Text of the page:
‘Fiction’s Ever Present Danger’ was first published in Spectrum, January 2011
The present tense is in danger of being abused in contemporary Australian fiction. Too many of our current writers are over-using this most useful of tenses, with a result that their narratives, instead of being lively and ‘immediate’, are in danger of becoming flattened out, less interesting than if a variety of tenses were employed – past, present, past perfect and future.
Over the past couple of years, Australian novels that have come my way, to review for the Sydney Morning Herald and the Canberra Times, have included a historical novel, Fiona Capp’s Musk & Byrne; Vertigo by Amanda Lohrey; Stepping Out by Catherine Rey; and Dissection by Jacinta Halloran – all written overwhelmingly in the present tense. Each of these novels has its own excellent qualities, which I commended in my reviews, and had each been the only one written in the present, I might have felt no unease. As it is, a sense of unease has been growing gradually, concerning a fashion that could too easily become the norm. One novel I did not review, but which seems to me to exemplify many of the pitfalls resulting from over-use of the present, is Rocks in the Belly by Jon Bauer.
Bauer’s debut novel has been widely praised. A letter to reviewers, accompanying the advance reading copies, refers to being ‘captivated by the immediacy of the prose’ and praises the distinctiveness of the different voices, one an eight-year-old boy’s, the other belonging to the man he has become. But to me the voices were barely distinguishable, and reading the novel felt like being asked continually to hop on one leg. I put this down largely, if not entirely, to an over-use of the present tense.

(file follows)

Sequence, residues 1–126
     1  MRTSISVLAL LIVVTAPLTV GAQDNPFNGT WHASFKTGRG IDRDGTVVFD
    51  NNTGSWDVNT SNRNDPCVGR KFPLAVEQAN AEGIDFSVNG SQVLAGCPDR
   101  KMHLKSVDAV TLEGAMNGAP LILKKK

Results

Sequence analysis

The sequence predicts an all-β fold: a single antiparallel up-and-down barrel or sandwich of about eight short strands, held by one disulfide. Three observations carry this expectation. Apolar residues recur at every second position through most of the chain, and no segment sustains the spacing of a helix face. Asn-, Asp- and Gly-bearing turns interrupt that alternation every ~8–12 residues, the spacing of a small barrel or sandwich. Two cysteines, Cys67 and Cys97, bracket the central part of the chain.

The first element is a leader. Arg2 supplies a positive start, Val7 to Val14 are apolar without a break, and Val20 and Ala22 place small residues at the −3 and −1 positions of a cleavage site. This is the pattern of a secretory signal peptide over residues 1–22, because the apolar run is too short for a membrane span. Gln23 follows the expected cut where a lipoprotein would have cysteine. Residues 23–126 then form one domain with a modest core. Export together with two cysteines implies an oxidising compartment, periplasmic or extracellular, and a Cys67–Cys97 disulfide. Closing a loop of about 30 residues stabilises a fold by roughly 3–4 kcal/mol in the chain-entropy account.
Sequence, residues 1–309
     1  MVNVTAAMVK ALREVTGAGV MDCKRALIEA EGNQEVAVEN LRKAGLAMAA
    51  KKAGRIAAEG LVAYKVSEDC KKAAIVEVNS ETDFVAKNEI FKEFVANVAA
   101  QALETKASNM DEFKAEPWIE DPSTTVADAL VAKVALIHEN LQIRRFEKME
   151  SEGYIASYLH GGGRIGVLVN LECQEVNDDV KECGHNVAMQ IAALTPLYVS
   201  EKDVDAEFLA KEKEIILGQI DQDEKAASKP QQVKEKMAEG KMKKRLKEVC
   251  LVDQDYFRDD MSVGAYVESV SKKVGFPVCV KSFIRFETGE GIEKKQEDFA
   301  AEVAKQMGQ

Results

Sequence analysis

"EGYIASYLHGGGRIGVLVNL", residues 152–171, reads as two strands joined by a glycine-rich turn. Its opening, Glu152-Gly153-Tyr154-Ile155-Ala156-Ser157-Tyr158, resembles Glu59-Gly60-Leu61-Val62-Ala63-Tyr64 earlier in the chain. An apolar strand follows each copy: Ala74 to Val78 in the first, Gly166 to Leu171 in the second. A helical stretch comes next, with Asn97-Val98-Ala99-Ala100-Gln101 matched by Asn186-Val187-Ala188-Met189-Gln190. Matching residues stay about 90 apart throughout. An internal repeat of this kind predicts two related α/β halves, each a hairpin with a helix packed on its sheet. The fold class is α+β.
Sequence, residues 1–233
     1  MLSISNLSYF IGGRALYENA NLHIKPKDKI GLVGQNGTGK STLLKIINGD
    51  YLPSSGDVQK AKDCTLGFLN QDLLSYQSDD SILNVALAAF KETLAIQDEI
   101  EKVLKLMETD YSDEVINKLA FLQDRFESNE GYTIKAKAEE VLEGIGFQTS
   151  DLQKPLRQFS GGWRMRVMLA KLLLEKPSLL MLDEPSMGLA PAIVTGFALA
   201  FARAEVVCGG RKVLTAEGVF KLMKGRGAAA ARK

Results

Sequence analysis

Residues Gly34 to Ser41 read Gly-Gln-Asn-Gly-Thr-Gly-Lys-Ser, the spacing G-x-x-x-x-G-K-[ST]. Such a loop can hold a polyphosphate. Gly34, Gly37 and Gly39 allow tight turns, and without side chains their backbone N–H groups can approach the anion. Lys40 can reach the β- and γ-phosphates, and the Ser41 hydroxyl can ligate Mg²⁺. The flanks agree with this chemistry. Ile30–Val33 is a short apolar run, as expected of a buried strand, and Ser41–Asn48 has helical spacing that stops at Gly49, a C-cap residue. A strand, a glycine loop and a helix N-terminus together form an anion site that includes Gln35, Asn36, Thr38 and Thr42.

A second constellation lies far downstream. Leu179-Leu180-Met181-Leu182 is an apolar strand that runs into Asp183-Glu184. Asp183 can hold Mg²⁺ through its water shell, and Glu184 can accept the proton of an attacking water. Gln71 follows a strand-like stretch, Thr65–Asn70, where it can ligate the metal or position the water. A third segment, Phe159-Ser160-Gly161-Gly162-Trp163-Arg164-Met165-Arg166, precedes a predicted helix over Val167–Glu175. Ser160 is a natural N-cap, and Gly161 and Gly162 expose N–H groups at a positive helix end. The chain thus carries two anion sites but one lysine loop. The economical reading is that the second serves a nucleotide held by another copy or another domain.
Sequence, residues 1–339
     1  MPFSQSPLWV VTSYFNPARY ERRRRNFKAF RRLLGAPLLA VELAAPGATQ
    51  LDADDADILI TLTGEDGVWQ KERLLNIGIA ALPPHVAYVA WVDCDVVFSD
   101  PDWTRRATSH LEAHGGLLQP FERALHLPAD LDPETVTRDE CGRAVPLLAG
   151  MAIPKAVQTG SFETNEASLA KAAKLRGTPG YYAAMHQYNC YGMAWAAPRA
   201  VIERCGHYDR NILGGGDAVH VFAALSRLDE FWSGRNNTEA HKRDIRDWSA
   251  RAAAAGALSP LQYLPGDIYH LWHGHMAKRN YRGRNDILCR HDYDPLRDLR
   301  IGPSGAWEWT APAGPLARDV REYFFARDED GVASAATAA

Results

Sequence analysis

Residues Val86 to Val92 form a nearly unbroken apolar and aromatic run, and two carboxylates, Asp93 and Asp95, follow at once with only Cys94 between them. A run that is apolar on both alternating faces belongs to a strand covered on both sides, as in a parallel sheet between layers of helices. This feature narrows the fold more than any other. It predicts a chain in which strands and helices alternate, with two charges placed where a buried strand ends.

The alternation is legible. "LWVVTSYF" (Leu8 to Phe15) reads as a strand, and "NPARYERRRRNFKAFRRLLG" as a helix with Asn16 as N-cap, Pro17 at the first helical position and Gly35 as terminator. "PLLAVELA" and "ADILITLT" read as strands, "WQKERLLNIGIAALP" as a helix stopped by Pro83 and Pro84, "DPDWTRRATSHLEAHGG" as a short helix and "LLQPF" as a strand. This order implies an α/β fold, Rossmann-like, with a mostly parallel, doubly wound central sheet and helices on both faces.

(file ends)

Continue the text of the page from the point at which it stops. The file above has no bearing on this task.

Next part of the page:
Why relinquish or severely curtail the interplay of tenses? The gain often cited is immediacy; immediacy puts the reader right there, in the middle of the action, from page one to the end. I think this is a false view, a confusion of the foreshortened perspective with readerly involvement. Immediacy has to do with time. It suggests that the characters are Up Close And Personal and that the action is happening now. But the ‘now’ in fiction is always a false now. Even in the moment of reading about it, action belongs to the past. In my opinion, writers who avail themselves of a variety of tenses are better capable of transmitting an understanding of this – one of the basic tricks of narrative – than those who restrict themselves to the present.
Concentration on the present can result in the opposite of what’s intended – a curtailing of intimacy and a reduction of its scope. Up Close And Personal has meaning by comparison with Not So Close and Not So Personal, with, in other words, a considered, measurable distance. Where to retreat to, and how, when the present tense is unrelieved, or relieved so seldom that its power and closeness are felt as overwhelming? Immediacy is not a synonym for intimacy, though the two often seem to me to be conflated. Intimacy in fiction, I would argue, can be slow or fast growing, can be presented as right here now, or take a whole book to make itself apparent. I think the confusion arises from the perceived wish of the reader to identify as closely as possible with the characters, as though this were inarguably a good thing. I say ‘perceived wish’ because I recognize that readers possess innumerable different and conflicting tastes, and because I believe that editors and publicists, along with writing teachers and reviewers, play a not insignificant part in the shaping of fashion.